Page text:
Let's face it, nine times out of ten, NFL games are not really that exciting (college football games, on the other hand: always exciting). They're not often gun-slinging high-scoring affairs, or hard-fought defensive battles won in the trenches. Though the Super Bowl theoretically puts the two best teams against each other, it's still pretty likely that it will be as exciting as a mid-season NBA game. But still, it's the last football game for 8 months, so I'd much rather be watching it then another rerun of House on USA.

I was at a Super Bowl party a couple years ago with a group of girls who could have cared less; they were there because their boyfriends were all there. When the game was on screen they were reading books (one was re-reading one of the Harry Potters) or cross stitching (I kid you not). But when commercial break came along, they put these to the side and paid attention. All I could think was "WHY ARE YOU HERE!?" Unfortunately, watching the Super Bowl has become part of the American experience (YES WE CAN!). People feel like they have to watch it in order to fit in…and they're not happy about it. So a bunch of poindexters gather together to begrudgingly "watch the game" and then they say, "The best part of the Super Bowl are the commercials." Every time I hear it my motherboard overheats…and not in the good way.


That said, the best Super Bowl commercial of all time was one for Pepsi in the early 2000s starring the love of my life, Beyonce Knowles.

— The Steezer is a Texas Longhorn fan living in Washington, D.C. who decided to dip and now you wanna trip.



I cannot for the life of me think of a single Super Bowl commercial that I either loved, hated or was indifferent about. Not one. I began analyzing why that might be. It's not that I don't watch them. It's not that I don't have an opinion about them one way or the other at the time. I just don't retain them (and judging by the fact that Rick had to ask repeatedly for submissions on this topic, I'm guessing I'm not the only female who feels this way.) And yet, it seems that most of my male acquaintances are able to recall Super Bowl commercials many years past. But think about what gets advertised most during the Super Bowl:

• Beer. Don't get me wrong, I love beer. Even shitty domestic beer. But chances are, A) I'm already drinking it, and B) no amount of funny or sexy is going to sway my decision the next time I'm at the corner bodega. I'll buy whatever sounds good and/or is on sale.


• Junk food. Ditto. I also love junk food. But unless it's some newfangled junk food ("Ooooh, look, Taco Bell formed their five sole ingredients into a trapezoid this time! I gotta have one of those!" ), I'm probably not going to take note.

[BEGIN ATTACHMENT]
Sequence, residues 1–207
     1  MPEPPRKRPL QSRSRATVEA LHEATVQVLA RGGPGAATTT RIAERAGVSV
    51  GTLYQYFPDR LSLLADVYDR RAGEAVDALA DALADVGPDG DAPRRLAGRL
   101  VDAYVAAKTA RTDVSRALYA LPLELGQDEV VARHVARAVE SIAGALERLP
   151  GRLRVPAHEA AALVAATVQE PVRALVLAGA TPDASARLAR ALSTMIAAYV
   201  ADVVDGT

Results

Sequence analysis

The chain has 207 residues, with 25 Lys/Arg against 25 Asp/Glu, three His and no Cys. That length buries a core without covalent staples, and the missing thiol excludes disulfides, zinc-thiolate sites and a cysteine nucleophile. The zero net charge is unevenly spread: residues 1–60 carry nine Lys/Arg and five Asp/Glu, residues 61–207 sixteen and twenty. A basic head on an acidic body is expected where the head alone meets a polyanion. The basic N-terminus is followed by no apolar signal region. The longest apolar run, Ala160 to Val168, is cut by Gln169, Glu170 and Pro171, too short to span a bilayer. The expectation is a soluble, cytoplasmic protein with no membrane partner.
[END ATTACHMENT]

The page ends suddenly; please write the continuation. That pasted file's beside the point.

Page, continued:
• Trucks. This actually holds true for all car commercials. Unless I'm in the market for a car (and I'm not currently), car commercials don't even hit my radar. Plus, truck commercials are generally physically impossible. I've driven trucks almost exclusively for my entire driving adulthood, and have never once done anything as awesome as what you see in the commercials. (BDD summed this up perfectly and hilariously.) But then, maybe that's just my vagina getting in the way of my ruggedness.

• Man-scriptions. I don't have a prostate or a penis. And the prostates and penises that I'm most familiar with are in perfect working order, knock on wood. (See what I did there?) At this point, the sight of a clawfoot tub makes me want to become celibate.


It's not even that all the commercials are man-centric. Men just seem to be wired to retain this information, the same way they can quote crappy 80's movies chapter-and-verse, and tell you who was on the cover of any given year's swimsuit issue. I'm not even on some "women are more high-minded than that" screed, 'cause we're not. (I, for one, have devoted myself to being able to recognize all 4658 songs on my iPod within the first three notes. Useful AND marketable!) Just understand that come Monday morning, if you attempt to discuss the commercials with me, I will have absolutely no idea what you're talking about. And then I'll drive off in my Jeep and do donuts at the summit of Everest, because I am BAD. ASS.

— Katni is a middle management cube-slave in San Diego, and a fan of the Padres, Broncos and Sooners. But you can only pick one of those reasons to dislike her, so make it count.

If you want to become a member of our Waxing Off writing staff, write your name and address on your telephone number, and send them to Rick Chandler, Behind the Water Pipes, 1012 Rupee Buildings, London.